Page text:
Armenia Scrambles To Rebuild New Road Away From Azerbaijan Border
A recent crisis in which Azerbaijani troops blocked the road connecting two cities in southern Armenia has raised questions about the slow pace of construction of an alternate road that avoids Azerbaijani territory.
The main road connecting the cities of Goris and Kapan in Armenia’s Syunik region runs alongside – and in some cases across – the de facto (though not yet formally delineated) Azerbaijani border, in territory which Baku regained control of as a result of last year’s war. Since early 2021 Azerbaijan has been setting up border guard posts and erecting signs reading “Welcome to Azerbaijan” on their sections of the road, and on August 25 they blocked a 21-kilometer section of it. The blockade lasted for nearly 48 hours and was resolved with the help of Russian border guards, which patrol the Armenian side of the border.
There is an alternative to this route: another road connecting the two cities that runs further to the west, well away from the Azerbaijani border, through the town of Aghvani. But that road, especially the southern section between Aghvani and Kapan, is in dire condition and needs a total reconstruction to be suitable for heavy traffic.
In an address to parliament on August 26, Prime Minister Nikol Pashinyan referred to the Aghvani route, which he called an “alternative” to the “disputed territory” that the current road passes through, and said it would be finished by the end of the year.
But questions have arisen as to the pace at which that alternative road is being made ready. One member of parliament, Tigran Abramyan of the opposition “I Have Honor” bloc, said that he drove down the alternative road while the main road was blocked. “Construction only began two months ago, and we needed to do this significantly sooner, considering that Azerbaijan had been threatening to block traffic,” he told journalists on August 30.
The road should be finished by the end of 2021, Deputy Minister of Territorial Administration Kristine Ghalechyan confirmed to Eurasianet in an email interview.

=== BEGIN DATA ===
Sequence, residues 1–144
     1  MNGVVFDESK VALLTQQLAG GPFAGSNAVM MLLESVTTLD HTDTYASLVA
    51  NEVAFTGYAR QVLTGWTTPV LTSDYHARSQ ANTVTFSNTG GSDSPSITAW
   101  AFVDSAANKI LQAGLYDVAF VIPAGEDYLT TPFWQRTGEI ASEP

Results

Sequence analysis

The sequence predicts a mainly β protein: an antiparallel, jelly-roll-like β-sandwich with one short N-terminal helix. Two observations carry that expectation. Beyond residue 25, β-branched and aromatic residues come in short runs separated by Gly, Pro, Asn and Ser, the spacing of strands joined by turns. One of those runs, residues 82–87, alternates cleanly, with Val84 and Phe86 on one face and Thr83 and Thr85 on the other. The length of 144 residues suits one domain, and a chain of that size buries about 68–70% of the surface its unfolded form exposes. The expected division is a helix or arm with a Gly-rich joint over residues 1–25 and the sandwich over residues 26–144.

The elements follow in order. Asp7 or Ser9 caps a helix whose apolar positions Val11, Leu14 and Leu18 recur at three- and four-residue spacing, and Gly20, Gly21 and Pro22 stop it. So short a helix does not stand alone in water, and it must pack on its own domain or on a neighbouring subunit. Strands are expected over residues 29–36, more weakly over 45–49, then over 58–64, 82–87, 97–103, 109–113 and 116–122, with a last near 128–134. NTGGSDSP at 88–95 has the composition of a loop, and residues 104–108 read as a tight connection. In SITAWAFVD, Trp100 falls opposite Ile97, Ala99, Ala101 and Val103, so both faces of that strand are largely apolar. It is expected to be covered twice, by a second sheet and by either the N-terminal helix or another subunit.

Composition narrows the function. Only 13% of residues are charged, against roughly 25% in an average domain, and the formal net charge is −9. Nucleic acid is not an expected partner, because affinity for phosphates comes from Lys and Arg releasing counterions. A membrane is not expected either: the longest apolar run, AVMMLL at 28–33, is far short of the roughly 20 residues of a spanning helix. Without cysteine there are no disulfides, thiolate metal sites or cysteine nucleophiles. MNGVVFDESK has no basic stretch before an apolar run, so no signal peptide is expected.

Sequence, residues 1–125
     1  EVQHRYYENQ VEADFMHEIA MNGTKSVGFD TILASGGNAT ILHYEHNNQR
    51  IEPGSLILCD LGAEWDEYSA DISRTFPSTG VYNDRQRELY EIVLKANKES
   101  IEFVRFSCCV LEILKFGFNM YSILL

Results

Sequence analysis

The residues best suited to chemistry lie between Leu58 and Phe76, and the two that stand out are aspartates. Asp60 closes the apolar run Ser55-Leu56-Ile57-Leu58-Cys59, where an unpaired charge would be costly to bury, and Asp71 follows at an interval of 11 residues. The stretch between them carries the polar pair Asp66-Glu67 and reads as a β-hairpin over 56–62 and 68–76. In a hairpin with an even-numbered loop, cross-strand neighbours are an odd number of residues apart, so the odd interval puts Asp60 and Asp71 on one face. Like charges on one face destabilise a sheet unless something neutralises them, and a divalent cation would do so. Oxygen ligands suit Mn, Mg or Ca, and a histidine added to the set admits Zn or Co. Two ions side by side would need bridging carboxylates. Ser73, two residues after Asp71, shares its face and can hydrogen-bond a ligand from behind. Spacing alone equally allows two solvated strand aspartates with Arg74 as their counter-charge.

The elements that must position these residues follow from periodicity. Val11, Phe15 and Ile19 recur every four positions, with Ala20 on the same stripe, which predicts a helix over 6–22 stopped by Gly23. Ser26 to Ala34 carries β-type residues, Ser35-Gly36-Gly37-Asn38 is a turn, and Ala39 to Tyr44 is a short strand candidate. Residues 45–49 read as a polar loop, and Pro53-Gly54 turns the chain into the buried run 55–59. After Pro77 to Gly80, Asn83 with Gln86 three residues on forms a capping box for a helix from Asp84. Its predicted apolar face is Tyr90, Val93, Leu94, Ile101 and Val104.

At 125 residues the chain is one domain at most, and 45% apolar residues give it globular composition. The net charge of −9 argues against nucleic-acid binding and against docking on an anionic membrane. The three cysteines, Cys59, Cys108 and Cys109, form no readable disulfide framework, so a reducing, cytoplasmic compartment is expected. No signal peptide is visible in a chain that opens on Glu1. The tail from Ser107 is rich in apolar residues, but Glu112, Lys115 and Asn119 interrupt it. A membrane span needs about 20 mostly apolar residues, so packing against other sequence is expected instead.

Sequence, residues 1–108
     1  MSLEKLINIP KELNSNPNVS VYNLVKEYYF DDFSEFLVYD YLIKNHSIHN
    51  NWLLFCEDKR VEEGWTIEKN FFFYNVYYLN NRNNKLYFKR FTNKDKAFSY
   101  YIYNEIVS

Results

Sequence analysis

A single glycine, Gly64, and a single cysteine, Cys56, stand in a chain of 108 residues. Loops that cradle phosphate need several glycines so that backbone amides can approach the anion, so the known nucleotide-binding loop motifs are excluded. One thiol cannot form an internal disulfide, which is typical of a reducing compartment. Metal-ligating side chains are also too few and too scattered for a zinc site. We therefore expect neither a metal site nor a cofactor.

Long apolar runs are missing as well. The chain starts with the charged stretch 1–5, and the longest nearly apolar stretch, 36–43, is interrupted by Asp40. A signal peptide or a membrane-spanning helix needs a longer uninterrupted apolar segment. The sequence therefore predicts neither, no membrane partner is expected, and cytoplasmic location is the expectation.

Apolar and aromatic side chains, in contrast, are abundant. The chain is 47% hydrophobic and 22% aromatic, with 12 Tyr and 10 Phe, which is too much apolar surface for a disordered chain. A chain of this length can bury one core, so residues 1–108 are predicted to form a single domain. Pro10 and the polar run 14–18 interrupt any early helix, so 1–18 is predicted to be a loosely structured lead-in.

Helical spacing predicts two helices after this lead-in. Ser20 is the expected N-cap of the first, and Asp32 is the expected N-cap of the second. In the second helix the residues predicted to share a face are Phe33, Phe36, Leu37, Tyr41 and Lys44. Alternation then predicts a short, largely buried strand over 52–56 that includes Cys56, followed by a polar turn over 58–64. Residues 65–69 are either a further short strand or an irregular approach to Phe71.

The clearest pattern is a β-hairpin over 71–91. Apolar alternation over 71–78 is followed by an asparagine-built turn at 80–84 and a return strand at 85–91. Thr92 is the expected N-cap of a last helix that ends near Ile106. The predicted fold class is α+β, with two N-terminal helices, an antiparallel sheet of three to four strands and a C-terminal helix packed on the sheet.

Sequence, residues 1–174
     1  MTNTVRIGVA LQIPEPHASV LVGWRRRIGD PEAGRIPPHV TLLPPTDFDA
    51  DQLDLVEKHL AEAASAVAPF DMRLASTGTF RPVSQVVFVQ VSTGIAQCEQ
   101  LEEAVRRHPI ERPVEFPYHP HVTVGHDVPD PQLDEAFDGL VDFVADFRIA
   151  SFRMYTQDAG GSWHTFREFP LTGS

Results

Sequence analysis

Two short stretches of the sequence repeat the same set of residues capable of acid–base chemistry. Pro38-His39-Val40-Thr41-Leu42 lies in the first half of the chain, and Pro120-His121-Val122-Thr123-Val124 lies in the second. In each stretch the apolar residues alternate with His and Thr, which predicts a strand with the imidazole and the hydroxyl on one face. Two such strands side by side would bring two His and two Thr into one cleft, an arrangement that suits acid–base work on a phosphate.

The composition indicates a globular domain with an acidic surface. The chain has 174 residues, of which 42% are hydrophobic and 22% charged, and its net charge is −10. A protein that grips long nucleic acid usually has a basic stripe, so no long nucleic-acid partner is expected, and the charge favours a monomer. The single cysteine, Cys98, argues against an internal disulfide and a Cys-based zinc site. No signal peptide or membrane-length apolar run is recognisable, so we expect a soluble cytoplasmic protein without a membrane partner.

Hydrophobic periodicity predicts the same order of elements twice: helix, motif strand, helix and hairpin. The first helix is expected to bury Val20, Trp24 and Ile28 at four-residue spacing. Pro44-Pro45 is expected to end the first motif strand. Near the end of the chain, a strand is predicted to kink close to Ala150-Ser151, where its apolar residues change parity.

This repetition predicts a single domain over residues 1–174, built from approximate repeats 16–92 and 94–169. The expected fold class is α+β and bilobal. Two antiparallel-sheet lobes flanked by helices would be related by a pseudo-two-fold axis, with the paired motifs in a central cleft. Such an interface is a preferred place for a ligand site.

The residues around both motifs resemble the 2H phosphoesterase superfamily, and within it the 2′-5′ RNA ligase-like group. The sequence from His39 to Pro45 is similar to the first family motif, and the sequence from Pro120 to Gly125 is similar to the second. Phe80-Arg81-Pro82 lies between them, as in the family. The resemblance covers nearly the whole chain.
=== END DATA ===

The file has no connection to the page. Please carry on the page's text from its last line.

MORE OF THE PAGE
Since coming to power in 2018, Pashinyan’s government has placed a high priority on road construction. In 2019, the government constructed and repaired 440 kilometers of roads, and the budget for road construction the following year was doubled. That year a further 460 kilometers was rebuilt and repaired. The budget for 2021 envisaged repairing or constructing another 500 kilometers of roads, but the war and its consequences forced the government to alter its plans.
The new complexities surrounding the existing road were evident as soon as the war ended last year. As part of the ceasefire Armenia agreed to hand back Azerbaijan’s Gubadli region; the road passes through slivers of that territory in some spots and runs very close to it in others. On December 11, Armenia’s Ministry of Defense announced that "the security of the 21-kilometer section of the Goris-Kapan highway that passes through the disputed area will be guaranteed by Russian peacekeepers."
The state budget approved on December 10 mentioned the construction of only one road: in northern Armenia, connecting the cities of Vanadzor and Alaverdi to the Georgian border.
Contracts for the construction of the Aghvani road were awarded several months later.
On May 16, a tender for the construction of one 12.5-kilometer section between Tatev and Aghvani was awarded to Builder Construction LLC; the company got a contract of 623 million drams (about $1.3 million). Another 17.5-kilometer section is being constructed by Vosmar LLC, which on July 15 was awarded a 2.7 billion dram ($5.5 million) contract without a tender having been issued; the official notice explained that the contract was “urgent.” A 1.2-billion-dram ($2.4 million) contract for the 13-kilometer section between Tatev and Aghvani was awarded to Caravan LLC, also without a tender, on July 6.
At an August 27 sitting, the government took a decision to allocate 7.6 billion drams ($15 million) toward reconstruction and repair works of several additional key road projects, including roads to the Georgian, Iranian, and Turkish borders.
“The 2021 budget was based on inertia and it didn’t take into account the post-war challenges and priorities,” economist Suren Parsyan told Eurasianet. He said it wasn’t clear whether the 7.6 billion drams was new money or was reallocated from other parts of the budget. “We don’t yet have budget execution reports so we don’t know what has already been done,” he said.
Source: This article was republished from Eurasianet.